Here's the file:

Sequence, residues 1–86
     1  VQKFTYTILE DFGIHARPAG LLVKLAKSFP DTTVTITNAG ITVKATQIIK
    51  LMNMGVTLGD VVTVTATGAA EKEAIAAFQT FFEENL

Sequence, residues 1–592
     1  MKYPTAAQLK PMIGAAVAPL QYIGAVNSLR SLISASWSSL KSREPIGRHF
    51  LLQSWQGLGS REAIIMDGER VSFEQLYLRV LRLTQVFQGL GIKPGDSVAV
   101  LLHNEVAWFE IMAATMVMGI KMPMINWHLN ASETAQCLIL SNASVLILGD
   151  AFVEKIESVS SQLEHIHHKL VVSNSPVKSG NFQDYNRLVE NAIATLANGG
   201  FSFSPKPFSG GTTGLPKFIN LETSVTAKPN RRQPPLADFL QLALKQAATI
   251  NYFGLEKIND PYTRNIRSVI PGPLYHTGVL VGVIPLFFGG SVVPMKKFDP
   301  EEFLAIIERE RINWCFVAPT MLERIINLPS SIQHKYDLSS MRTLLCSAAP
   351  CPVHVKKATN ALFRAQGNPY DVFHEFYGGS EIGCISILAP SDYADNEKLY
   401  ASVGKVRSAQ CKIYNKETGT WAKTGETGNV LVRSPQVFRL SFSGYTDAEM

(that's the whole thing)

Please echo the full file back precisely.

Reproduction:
Sequence, residues 1–86
     1  VQKFTYTILE DFGIHARPAG LLVKLAKSFP DTTVTITNAG ITVKATQIIK
    51  LMNMGVTLGD VVTVTATGAA EKEAIAAFQT FFEENL

Sequence, residues 1–592
     1  MKYPTAAQLK PMIGAAVAPL QYIGAVNSLR SLISASWSSL KSREPIGRHF
    51  LLQSWQGLGS REAIIMDGER VSFEQLYLRV LRLTQVFQGL GIKPGDSVAV
   101  LLHNEVAWFE IMAATMVMGI KMPMINWHLN ASETAQCLIL SNASVLILGD
   151  AFVEKIESVS SQLEHIHHKL VVSNSPVKSG NFQDYNRLVE NAIATLANGG
   201  FSFSPKPFSG GTTGLPKFIN LETSVTAKPN RRQPPLADFL QLALKQAATI
   251  NYFGLEKIND PYTRNIRSVI PGPLYHTGVL VGVIPLFFGG SVVPMKKFDP
   301  EEFLAIIERE RINWCFVAPT MLERIINLPS SIQHKYDLSS MRTLLCSAAP
   351  CPVHVKKATN ALFRAQGNPY DVFHEFYGGS EIGCISILAP SDYADNEKLY
   401  ASVGKVRSAQ CKIYNKETGT WAKTGETGNV LVRSPQVFRL SFSGYTDAEM